When all we had was Mac OS X (now macOS), our Mac life was simple on Intel-based Macs. Then came iOS with Cocoa Touch, a derivative of macOS for touch devices using ARM CPUs. That seemed so very sensible in 2010. Then, of course, came tvOS and watchOS which means Apple has even more code bases to maintain. While perhaps only a mild burden, the biggest problem may be the future development of Apple devices. John explains.
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The V-Moda Crossfade LP2 are over-the-ear headphones that check all of John Martellaro’s boxes. In this quick look review, he tells the story of his search for a pair of decent, reasonably priced headphones for casual music and podcasting. He found them.
At sixcolors, Jason Snell writes: “As we close the door on 2016, I thought it would be useful to look back at the year gone by and ask a panel of my peers who pay attention to Apple and related markets to take a moment and reflect on Apple’s performance in the past year.” What’s interesting about this report is that these are some of the most knowledgeable and enthusiastic writers covering Apple. And the consensus grades, except for the iPhone and Apple Watch, aren’t all that great. Check it out on page 2 of Particle Debris.
Dr. Chris Soghoian is an expert on the technology and politics of privacy. Most recently he’s been the Principal Technologist with the ACLU. In 2017, he’s one of three Innovation Fellows for the TechCongress where he’ll assist in federal policymaking. Chris earned his Ph.D. with a research focus on the role internet and telephone companies play in enabling government surveillance, and he’s also known for his work with the FTC and the Do Not Track initiative. Chris started life as a tech geek, and computers were always a part of his life. That led to an undergraduate degree in computer science. Then he interned at Apple and IBM. But a significant event changed his direction in life, and he gained a newfound appreciation for attorneys. Chris makes some interesting observations about today’s assaults on our privacy.
Apple periodically comes out with The Next Big Thing. Along the way, however, the company makes incremental changes that also make our lives better. How those many advancements accumulate to positively affect our lives depends on how often we upgrade. Meanwhile, the punctuation of big product events keeps us coming back for more. It’s all in a delicate balance, perceived in our flow of time.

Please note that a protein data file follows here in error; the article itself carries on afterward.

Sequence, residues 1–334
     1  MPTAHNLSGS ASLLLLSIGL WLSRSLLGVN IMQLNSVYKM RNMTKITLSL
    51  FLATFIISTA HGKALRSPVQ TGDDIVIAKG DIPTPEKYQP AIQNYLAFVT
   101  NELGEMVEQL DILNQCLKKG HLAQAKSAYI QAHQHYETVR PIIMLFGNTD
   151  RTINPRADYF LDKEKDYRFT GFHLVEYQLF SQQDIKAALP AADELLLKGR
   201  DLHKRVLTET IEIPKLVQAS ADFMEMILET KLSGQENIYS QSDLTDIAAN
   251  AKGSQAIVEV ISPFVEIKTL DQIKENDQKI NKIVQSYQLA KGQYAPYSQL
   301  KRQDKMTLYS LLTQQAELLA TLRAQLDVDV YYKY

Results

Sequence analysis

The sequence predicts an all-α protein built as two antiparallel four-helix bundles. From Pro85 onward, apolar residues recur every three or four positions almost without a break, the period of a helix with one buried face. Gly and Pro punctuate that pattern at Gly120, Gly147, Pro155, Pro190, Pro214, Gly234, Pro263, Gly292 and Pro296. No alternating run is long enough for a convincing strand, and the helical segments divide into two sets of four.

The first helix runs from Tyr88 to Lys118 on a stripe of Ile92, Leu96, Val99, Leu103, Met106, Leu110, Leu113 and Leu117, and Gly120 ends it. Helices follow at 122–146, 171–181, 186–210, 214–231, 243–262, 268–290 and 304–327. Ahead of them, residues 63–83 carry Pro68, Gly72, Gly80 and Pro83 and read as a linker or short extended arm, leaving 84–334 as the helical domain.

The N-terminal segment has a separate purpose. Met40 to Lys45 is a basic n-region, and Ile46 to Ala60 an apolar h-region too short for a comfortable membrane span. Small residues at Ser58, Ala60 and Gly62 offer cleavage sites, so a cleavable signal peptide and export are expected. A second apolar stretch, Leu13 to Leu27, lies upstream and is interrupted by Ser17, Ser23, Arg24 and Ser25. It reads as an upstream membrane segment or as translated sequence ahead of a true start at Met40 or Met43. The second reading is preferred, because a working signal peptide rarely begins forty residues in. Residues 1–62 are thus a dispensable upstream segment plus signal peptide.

You’ve heard of Duranium, Tritanium and Gold-pressed Latinum, right? These are fictional metals from Star Trek lore. But did you know a Periodic Table of all the elements and alloys mentioned across all fiction has been compiled? It includes all the magical substances from TV, the movies, comics, games, mythology and more. Of course, there’s no chemistry in this table. Instead, it’s a beautifully presented and organized database. Just click on any item to see its origin. For example, click on Dur to discover that “Duranium makes up the outer hull of Starfleet’s NX-class starships.” This table is just amazing to behold.
There’s been some discussion recently about the father of Swift, Apple’s Chris Lattner, leaving for Tesla. Why might this be? John Martellaro ponders the connections in his whimsical way and suspects that part of the issue is the Haskell language and Tesla’s interest in secure software. Another element may be that Apple’s product vision is faltering a bit when it comes to inspiring and retaining talent.
A recent report from KGI Securities analyst Ming-Chi Quo suggests that Apple appears ready to restructure the iPad Product line. The goal is, apparently, to clearly correlate increasing size and sophistication with price to make sure customers can update or enter the market at the desired level. Ming-Chi Quo believes sales and ASPs will benefit, but there may be more going on. John explains.
One can per into a crystal ball and try to predict what Apple will do in 2017. Or one can generate a wish list of things personally hoped for. Far better, however, is to ask some very astute questions about Apple going into 2017. Great questions are valuable guides for analysis as we go along. This is just what Neil Cybart has done. The discussion is on page 2 of last week’s Particle Debris.
Rod Roddenberry, as part of his Background Mode interview with The Mac Observer, has generously provided us with three copies of The Roddenberry Vault on Blu-ray. We’re going to give away these amazing multi-disc packages to three lucky winners. Read on to see how you can win one for your Star Trek library.
Rod Roddenberry is a media producer. The son of Star Trek creator Gene Roddenberry, he’s following in his father’s footsteps. It all started when Steve Jobs gave Gene Roddenberry an original Macintosh in 1984, and the young Rod started experimenting with MacPaint. Ever since then, Rod has been an Apple enthusiast. Today, Rod is carrying on his father’s work as a producer, the chief executive of Roddenberry Entertainment and the founder of the Roddenberry Foundation. And he’s currently working with the CBS All Access Star Trek: Discovery. Rod’s foundation funds small grants focused on early-stage unconventional ideas that can disrupt and serve the greater good for mankind. Rod and I chatted about all this plus his passion for preserving the Earth’s oceans. We covered a lot of ground in this fascinating interview. You won’t want to miss it.